James Bond famously ordered his martini “shaken, not stirred.” Rocks, straight up; salt, no salt; call brands—all of these specs have long been guests’ prerogative at the bar. Now drinkers want in on the creative action in bigger ways.
“Today’s consumer is very interested in customization across food and beverages,” says Donna Hood Crecca, associate principal at Technomic. “In part, it’s a pushback of anything that looks or feels mass-produced, and it also gives the consumer a sense of engagement in and control over the eating and drinking experience.”
The new twist, says Crecca, is the trend toward “build-your-own” cocktails where the guest is presented with the option of choosing drink ingredients from several categories. The practice has the bonus, she says, of “ramping up the guest’s value perception regarding the experience.”
Customizing a classic
With a name like The Old Fashioned Tavern & Restaurant, it’s no surprise that the Madison, Wis., establishment’s best-selling drink by far is the eponymous cocktail. This being Wisconsin, its old fashioned cocktail is made with American brandy as the base and is as likely to be garnished with pickled Brussels sprouts as skewered cherries. That’s because customers can make their drink any way they want with the Build Your Own Old Fashioned Program.
“On a Saturday night, we will sell some 400 old fashioneds, and about 100 are build-your-own,” says general manager Jennifer Debolt. Guests are choosing the DIY option despite the fact that the restaurant’s drink menu already has a full page of old fashioned variations, she adds.
To concoct a custom cocktail, guests pick the booze, bitters, mixer and garnish. In addition to brandy, spirit choices include gin, rum, bourbon or rye. There also are four kinds of bitters, sweet or sour mixers, and fruit or vegetable garnishes such as oranges or marinated mushrooms. Staff is ready with recommendations for beginners.
The tavern’s classic brandy old fashioned is $5.50, while the Build Your Own version is $6.50. “It’s a good upsell,” says Debolt. The custom option especially appeals to regulars, who return to the restaurant because they can get the cocktail just the way they want it, she says.
Ready for anything
“You pick ’em, we pour ’em” is the motto at The Happiest Hour, a cocktail bar and full-service restaurant in New York City’s Greenwich Village, where a section of the drinks list is devoted to cocktails that can be customized.
The seven customizable selections currently on the menu all are priced at $13. Bartender Jim Kearns crafts each to work equally well with gin, rum, tequila or vodka. For example, the aptly named Maid to Order is a mix of mint, cucumber and lime juice, plus the guest’s choice of spirit. It’s by far the best-selling drink in the house, says Kearns, on a list that includes many traditional noncustom cocktails.
“The advantage is a heightened level of guest involvement and satisfaction,” says Kearns. Giving guests the opportunity to choose the spirit they like provides better service and seems to almost guarantee a wider appeal, he adds.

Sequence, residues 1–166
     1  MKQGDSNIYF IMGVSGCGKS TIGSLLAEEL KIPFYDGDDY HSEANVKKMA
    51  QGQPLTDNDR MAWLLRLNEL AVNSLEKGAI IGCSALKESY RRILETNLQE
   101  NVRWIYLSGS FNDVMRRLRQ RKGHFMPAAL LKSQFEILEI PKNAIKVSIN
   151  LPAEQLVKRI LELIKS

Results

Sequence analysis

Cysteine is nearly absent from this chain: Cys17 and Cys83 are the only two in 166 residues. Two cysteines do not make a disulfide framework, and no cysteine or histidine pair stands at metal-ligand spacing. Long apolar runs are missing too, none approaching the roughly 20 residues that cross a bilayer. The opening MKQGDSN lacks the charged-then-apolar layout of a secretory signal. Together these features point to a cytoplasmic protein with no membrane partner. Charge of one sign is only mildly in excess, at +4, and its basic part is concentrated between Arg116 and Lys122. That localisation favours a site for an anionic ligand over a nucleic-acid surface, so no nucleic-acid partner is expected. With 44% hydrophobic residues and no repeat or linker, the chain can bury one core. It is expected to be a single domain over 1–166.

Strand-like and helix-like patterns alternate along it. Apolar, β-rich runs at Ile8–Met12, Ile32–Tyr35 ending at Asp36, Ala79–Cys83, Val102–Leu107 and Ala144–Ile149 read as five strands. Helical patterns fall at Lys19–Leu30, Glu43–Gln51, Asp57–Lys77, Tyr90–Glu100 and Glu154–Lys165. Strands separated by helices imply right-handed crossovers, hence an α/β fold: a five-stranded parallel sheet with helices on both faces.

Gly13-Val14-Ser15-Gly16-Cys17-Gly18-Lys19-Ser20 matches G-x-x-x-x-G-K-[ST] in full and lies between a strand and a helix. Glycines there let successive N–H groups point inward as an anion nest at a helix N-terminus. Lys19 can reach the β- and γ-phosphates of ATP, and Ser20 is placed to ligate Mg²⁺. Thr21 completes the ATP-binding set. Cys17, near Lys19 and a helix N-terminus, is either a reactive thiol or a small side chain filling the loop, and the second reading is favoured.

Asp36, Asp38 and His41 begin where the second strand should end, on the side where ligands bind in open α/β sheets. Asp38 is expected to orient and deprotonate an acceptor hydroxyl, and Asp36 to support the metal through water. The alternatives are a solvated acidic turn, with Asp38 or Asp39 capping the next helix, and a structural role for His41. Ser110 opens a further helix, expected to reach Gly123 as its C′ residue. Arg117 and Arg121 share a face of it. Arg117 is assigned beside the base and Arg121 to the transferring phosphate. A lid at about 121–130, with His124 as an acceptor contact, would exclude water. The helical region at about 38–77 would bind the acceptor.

Carts and kits on a roll
John Owen, owner of seven Cleveland-area bars and eateries, brings build-your-own drinks to the customer at his Market restaurant via a bloody mary cart. His carpenter brother crafted the wooden cart; when it’s rolled into the dining room during Sunday brunch, the cart’s array of fixings and squeaky wheels attract a lot of attention.
“We sell close to 200 bloody marys every Sunday, just because of the cart,” says Owen, who estimates that fully 90 percent of bloody marys are customized at the cart, even though Market’s drinks menu offers five variations. “Customers like the interaction and the choices,” he says.
Guests are given a pint glass filled with vodka and bloody Mary mix for $7 that entitles them to one trip to the cart, where they can choose from 36 locally sourced add-ins. The signature is a housemade pepperoncini stuffed with sour cream, bacon and chives. “As soon as someone walks from the cart with all this stuff hanging off their drink, other people say, ‘I gotta go get one,’” says Owen.
He came up with the cart when his new brunch program was slow to get off the ground. “So we flipped the idea around and made bloody marys the star,” he says. “That cart got people in the door. They came for the drinks but stayed for the food.”
Market also offers a mimosa kit at brunch, delivered to the table on a divided tray. For $35, guests get a bottle of prosecco and carafes of pomegranate, passion fruit, mango and orange juices, along with a bowl of fresh-cut fruit for garnishes.
Owen says his guests perceive the kit as a great deal compared to $7 individual mimosas, and most groups of four or more order the kit. Each makes about nine cocktails. Although margins are lower for the kit, Owen says he makes more in dollars because of the number of guests committing to a 750ml bottle of bubbly. “And we definitely sell more mimosas this way,” he adds.